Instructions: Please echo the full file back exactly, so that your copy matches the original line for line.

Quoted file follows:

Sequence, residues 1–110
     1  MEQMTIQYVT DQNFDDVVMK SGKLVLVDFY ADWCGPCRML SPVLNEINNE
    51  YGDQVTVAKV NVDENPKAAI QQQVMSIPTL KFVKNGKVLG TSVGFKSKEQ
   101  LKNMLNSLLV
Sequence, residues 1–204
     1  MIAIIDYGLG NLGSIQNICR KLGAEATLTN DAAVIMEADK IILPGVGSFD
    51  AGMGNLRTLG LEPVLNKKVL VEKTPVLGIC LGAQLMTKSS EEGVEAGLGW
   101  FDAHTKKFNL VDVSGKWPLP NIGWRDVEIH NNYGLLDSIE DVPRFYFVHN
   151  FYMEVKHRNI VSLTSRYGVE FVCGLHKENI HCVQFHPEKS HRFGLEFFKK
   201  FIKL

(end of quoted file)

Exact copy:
Sequence, residues 1–110
     1  MEQMTIQYVT DQNFDDVVMK SGKLVLVDFY ADWCGPCRML SPVLNEINNE
    51  YGDQVTVAKV NVDENPKAAI QQQVMSIPTL KFVKNGKVLG TSVGFKSKEQ
   101  LKNMLNSLLV
Sequence, residues 1–204
     1  MIAIIDYGLG NLGSIQNICR KLGAEATLTN DAAVIMEADK IILPGVGSFD
    51  AGMGNLRTLG LEPVLNKKVL VEKTPVLGIC LGAQLMTKSS EEGVEAGLGW
   101  FDAHTKKFNL VDVSGKWPLP NIGWRDVEIH NNYGLLDSIE DVPRFYFVHN
   151  FYMEVKHRNI VSLTSRYGVE FVCGLHKENI HCVQFHPEKS HRFGLEFFKK
   201  FIKL